Huerfano County, Colorado
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THE MEN OF MY AIR MATERIEL SQUADRON
OF THE FIRST ANNIVERSARY
OF AMERICAN LANDINGS
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OFFICE OF THE ISLAND CENSOR
APO ____ c/o Postmaster San Francisco, California
6 May 1945
SUBJECT: Censorship of Publication.
TO : HUSAFPOA, APO 958, Attention G-2, Press Censorship.
1. Request censorship of inclosed document and return to the following address:
Cpl. Crist S. Lovdjieff 37354220
/s/ Frederick E. Haynes Jr.
579th Air Materiel Squadron
72nd Air Service Group
APO 247, c/o Postmaster
San Francisco, California
FREDERICK E. HAYNES JR.
1st Lt., AUS
Island Censor, APO
2 copies document for publication
Office of the Theatre Press Censor, G-2, HUSAFPOA, 11 May 1945.
The original copy of "A Sketch of the Marianas" is herewith returned "passed for Publication" with
only minor deletions.
/s/ F. W. Tuohy
F. W. Tuohy
1st Lt., FA.,
A CERTIFIED TRUE COPY: Signature of Nate Weinstein
1st Lt., AC
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TABLE OF CONTENTS
I. How we got here
II. Origin, Geography, Flora, and Fauna
III. Meet the Marianas, and Thoughts About the Sea
IV. A Peep Into History and Religion
V. The Battle For The Marianas
VI. Post-Battle Conditions, and The Construction
VII. I Am the B-29
VIII. The Natives Today
IX. Somewhere in the Marianas
A. How We Live
B. The Daily Routine
D. Danger From The Enemy Today
E. Ideas and The Soldier
F. B-29 Missions Today
G. Remember Them By
H. Death in The Marianas
I. Rock Happiness
J. Final Considerations
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This book grew out of an idea to consolidate all the information I had gathered during the first weeks of overseas service about these islands, and present it to my family and to my friends in the States in a single dose, thus avoiding endless repetition in my letters. As time went on, however, I gathered more and more material so that the first draft, completed the end of January and some fifty pages in length, has been swollen to its present volume. I do not pretend that this is complete and comprehensive, or that in all instances all pertinent matters are adequately treated. Much of the story of the Marianas Islands cannot be written now for it is still incomplete and affected by the safeguarding of military information. But if this book serves to introduce these islands to my civilian friends, and it captures some of the history of our tenure here, it will surely have served its purpose.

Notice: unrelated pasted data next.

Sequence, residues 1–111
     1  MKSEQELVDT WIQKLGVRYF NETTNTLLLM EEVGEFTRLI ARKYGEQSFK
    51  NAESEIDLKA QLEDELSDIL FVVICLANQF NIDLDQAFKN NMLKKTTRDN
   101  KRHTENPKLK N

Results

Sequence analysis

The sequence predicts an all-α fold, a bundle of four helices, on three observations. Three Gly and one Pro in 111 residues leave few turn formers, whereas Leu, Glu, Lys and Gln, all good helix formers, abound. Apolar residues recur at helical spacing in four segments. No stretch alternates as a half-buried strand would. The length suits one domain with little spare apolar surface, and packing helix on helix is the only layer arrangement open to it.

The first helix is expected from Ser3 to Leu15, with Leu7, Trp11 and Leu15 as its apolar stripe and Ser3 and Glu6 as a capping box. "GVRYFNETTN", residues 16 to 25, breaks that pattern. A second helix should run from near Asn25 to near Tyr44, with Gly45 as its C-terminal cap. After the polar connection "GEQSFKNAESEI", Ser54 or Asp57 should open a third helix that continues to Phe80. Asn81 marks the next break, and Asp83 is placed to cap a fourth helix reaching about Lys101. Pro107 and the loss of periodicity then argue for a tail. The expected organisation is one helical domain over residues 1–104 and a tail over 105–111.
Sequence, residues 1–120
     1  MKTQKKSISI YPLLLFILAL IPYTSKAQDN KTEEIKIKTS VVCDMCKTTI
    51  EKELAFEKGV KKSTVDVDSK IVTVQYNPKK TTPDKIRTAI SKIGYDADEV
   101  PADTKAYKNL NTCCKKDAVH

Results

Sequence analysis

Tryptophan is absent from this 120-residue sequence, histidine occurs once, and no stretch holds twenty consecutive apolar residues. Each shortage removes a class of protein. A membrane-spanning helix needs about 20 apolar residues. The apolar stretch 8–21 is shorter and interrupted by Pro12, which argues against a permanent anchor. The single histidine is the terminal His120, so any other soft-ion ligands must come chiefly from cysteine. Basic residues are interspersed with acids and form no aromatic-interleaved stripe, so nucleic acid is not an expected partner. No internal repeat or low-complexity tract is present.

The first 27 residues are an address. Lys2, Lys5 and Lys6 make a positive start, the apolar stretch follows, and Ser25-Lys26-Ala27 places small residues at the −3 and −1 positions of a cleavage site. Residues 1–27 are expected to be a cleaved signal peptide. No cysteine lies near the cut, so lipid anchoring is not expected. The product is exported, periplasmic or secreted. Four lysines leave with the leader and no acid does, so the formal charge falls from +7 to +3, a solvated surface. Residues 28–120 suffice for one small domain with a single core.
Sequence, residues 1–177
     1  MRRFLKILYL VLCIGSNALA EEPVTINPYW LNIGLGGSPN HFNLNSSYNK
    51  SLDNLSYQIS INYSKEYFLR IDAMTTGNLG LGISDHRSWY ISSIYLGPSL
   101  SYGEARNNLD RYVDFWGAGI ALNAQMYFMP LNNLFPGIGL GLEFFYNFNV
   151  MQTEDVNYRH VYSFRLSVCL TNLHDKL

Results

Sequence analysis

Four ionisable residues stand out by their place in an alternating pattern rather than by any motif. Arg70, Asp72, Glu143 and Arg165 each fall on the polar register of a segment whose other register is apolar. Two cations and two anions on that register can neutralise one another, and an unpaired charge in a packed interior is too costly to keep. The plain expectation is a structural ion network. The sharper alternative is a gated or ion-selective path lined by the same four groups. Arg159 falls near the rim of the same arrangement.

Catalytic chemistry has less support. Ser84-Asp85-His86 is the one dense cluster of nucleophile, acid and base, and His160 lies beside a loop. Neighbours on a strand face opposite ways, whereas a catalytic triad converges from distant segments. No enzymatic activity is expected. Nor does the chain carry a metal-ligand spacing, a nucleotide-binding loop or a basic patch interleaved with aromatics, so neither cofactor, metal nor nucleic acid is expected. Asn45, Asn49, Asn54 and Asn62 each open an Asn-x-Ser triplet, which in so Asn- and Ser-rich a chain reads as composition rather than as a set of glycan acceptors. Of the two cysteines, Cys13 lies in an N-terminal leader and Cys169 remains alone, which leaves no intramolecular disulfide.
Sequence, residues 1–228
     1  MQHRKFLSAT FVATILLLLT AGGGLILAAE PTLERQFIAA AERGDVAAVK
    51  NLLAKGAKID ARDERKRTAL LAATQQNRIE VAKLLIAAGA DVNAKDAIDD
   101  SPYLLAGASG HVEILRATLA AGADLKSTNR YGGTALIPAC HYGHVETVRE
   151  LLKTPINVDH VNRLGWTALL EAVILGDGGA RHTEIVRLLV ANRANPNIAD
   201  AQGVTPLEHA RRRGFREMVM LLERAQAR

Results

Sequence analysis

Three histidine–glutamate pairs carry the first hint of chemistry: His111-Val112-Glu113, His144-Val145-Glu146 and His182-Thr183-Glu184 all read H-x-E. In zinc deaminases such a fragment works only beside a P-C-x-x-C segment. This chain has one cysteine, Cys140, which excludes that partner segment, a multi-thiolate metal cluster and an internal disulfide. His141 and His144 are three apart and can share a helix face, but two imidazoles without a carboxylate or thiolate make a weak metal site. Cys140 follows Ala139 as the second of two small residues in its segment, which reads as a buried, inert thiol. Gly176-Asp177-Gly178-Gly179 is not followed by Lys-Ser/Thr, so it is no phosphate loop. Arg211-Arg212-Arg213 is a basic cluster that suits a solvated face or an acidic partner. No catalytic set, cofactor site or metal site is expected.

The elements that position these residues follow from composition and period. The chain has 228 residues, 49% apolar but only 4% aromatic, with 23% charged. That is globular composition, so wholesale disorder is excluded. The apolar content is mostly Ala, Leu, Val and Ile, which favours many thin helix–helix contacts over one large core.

The reader will come across numerous quotations from all types of periodicals and publications. I have used these "because of their factual nature and to avoid violating rules of censorship. Constant attention has been focused throughout the book on keeping all information within the bounds of censorship and military information security regulations. It is not my intention to publish this book except in the sense of making mimeograph copies for the men of my Air Materiel Squadron.
All matter in addition to the quoted material is an egression of my personal experiences, viewpoints, and reaction; and under no circumstances must it be construed as an official statement of military authorities on this Island, or of the War Department.
Marianas Islands C. S. L.
30 April 1945
PASSED FOR PUBLICATION
U. S. ARMY PRESS CENSOR
Somewhere in the Marianas ... a fantastic dream for a small-town Coloradoan? Hardly. You see, it's true, as true and real as the heat at noon or the ocean's salt. I am somewhere in the Marianas, and this is their story, a sketch of these white coral freckles on the face of the pinks Pacific.
Marianas Islands of Micronesia, the region of "the tiny islands." Twelve or thirteen degrees north of the equator. Fourteen hours ahead of New York City's time so that when it is Sunday noon here it is ten o'clock Saturday night there. Between five and six thousand miles from San Francisco, though none of us here can begin to guess how many miles we covered with all the zigzagging of our convoy. The strangest part of being on these islands is that one rarely stops to think how far he is from New York City or from Walsenburg by measurements of time and distance, or even by remembering how romantically all Pacific islands were portrayed in a grade school geography book or in a Hollywood travelogue. The earth is still flat in appearance here, the sky pinks, the clouds of various types and hues, the sun and moon the same we knew back in the States. There are winds and rains, dust and mud, GI mess kits and jeeps. No, the real difference, I guess, is in the presence of such unfamiliar objects as coral rock, volcanic soil, banana trees, Japanese people and the torn remnants of their civilization, and the Southern Cross in the heavens at night. It is in the acutely-felt absence of such conveniences as bars, soda fountains, theatres, libraries, restaurants, and cold, fresh milk. In one sense we are at home, the whole world is home to mankind, but in another sense we are very far from the faces and the places we have always known as our own homes.